Climbing Sunlight Peak | 14er Route Info, Map & Advice

Climbing Sunlight Peak Colorado is a difficult fourteener ascent, with a challenging class 4 summit block that has a lot of exposure. As a Chicago Basin 14er, Sunlight Peak requires either a multi-day backpacking trip or a train trip to reach this remote wilderness area. Many people setup a base camp in the Basin and try to climb several high peaks while they are in the area. Plan a climb of Sunlight Peak with my free route guide and info below.


Climbing Sunlight Peak Fast Facts

Climbing Sunlight Peak - South Face Route

It’s harder to get to the Needleton trailhead than any other 14er trailhead… the Durango and Silverton Narrow Gauge Railroad provides train service to the location, which is how most people get there. Click here for information and buy tickets – make sure you call them and tell them you’re stopping at the Needleton stop. While you can do this trip without taking the train, it’s an extremely long backpacking trip only recommended for experienced hikers and backpackers. Follow the Purgatory Creek trail if you choose to try that option.

My route description begins at the Needleton train stop. You’ll see a few cabins and a bridge across the Animas River; grab your pack from the baggage car and hit the trail. Cross the bridge and take a right to get started climbing Sunlight Peak Colorado.

A little less than a mile along this well-built and maintained trail, stay left at a junction, and shortly after officially enter the Weminuche Wilderness area. 5 more miles of hiking will bring you to the Chicago Basin area. I recommend following Needle Creek to find a good campsite, somewhere between 10,500 feet and 10,800 feet. This is a good place to stop for the night before your summit attempt. Sunlight Peak will be visible above you at the end of the basin.

From your camp in Chicago Basin, continue along the trail towards the upper end of the basin. This is the same trail used to climb Mt Eolus Peak. Around 11,200 feet, take a left to reach the lower Twin Lake. Hike through the forest, over rock slabs, and then cross two streams that flow down from Twin Lakes. The crossings are at 11,700 feet and 12,300 feet. Then reach the lake at 12,500 feet, your last dependable water source while climbing Sunlight Peak Colorado.

Continue around the lake up through some rocks to reach a headwall blocking the upper basin. Follow cairns and bits of trail to reach this upper area around 13,000 feet. Continue east, then turn left to go northeast towards talus below a gully separating Sunlight Peak and Sunlight Spire. Keep moving northeast amid this talus, looking for cairns that lead you to the dirt-filled gully. Climb around 400 feet along its left side to reach a saddle at the top. From there, turn left to enter a notch.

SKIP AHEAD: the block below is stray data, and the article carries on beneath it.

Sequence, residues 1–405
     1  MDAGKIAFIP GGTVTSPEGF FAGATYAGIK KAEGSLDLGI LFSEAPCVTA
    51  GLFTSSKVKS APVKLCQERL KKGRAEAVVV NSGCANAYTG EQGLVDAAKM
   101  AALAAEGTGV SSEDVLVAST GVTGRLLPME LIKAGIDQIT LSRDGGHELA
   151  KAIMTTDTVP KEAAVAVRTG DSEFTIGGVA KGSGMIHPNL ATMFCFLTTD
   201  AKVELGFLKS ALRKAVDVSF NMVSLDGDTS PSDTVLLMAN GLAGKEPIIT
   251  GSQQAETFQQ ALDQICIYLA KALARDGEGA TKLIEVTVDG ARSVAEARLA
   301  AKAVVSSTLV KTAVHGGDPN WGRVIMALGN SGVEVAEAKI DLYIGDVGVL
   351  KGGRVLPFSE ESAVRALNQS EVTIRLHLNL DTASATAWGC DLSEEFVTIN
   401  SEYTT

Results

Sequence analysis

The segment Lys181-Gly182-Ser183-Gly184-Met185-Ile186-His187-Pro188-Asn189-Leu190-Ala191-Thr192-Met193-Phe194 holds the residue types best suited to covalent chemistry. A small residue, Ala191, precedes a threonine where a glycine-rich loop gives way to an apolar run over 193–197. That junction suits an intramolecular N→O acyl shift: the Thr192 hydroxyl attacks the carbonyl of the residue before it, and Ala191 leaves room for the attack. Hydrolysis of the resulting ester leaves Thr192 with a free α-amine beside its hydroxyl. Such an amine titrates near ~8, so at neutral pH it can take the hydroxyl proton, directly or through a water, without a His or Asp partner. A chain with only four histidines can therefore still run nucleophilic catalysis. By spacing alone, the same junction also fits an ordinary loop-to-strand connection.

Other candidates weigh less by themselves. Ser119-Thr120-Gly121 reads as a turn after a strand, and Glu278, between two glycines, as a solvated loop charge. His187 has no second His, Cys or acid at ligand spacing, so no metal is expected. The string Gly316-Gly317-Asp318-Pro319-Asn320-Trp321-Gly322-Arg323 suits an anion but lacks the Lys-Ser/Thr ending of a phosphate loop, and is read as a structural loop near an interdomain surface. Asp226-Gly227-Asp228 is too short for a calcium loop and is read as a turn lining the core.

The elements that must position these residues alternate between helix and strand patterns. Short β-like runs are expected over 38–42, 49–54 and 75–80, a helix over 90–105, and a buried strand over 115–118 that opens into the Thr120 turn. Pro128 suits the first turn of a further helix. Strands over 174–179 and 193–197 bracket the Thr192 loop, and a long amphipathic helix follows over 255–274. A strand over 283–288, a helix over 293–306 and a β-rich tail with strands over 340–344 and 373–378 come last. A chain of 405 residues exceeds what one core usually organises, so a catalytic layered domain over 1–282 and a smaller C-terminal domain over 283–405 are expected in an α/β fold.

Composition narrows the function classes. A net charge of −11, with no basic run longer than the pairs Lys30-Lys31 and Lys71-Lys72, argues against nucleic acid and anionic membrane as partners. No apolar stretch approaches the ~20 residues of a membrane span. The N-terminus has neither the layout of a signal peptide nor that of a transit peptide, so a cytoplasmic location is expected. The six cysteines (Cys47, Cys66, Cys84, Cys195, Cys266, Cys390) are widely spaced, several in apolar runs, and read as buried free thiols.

The rest of the route is class 3 and 4, with some difficult navigation. From the notch, traverse below a series of cliffs. Scramble up to the ridge at a point where there is a hole you can pass through. An easier alternative is to continue left and climb an easier section of steep rock with cracks. Swing left near the top to enter a small chimney. 

Climb up the chimney to reach a hole at the top, and reach a ledge on the other side of the ridge. Turn left to walk up to the final summit pitch. It is an exposed block, but the rock is easy to grip if it is dry. Some people think this is the crux of climbing Sunlight Peak Colorado. Pick your line to gain the summit. Some find it easier to descend by jumping from rock to rock if you are comfortable with the exposure.

From the summit, enjoy the amazing views of the surrounding San Juans. Be sure to descend quickly enough to reach the tree line before afternoon thunderstorm risk becomes significant. I hope you found my Sunlight Peak route guide helpful and informative. Safe travels on the trail, and good luck climbing Sunlight Peak Colorado.

Sunlight Peak Route Guide

Anyone climbing Sunlight Peak Colorado should bring along a topographical map of the route within the Chicago Basin area. I recommend that you download this map on your phone or print out a copy to bring with you on your climb. Always bring some hardcopy map in case your digital version fails or breaks.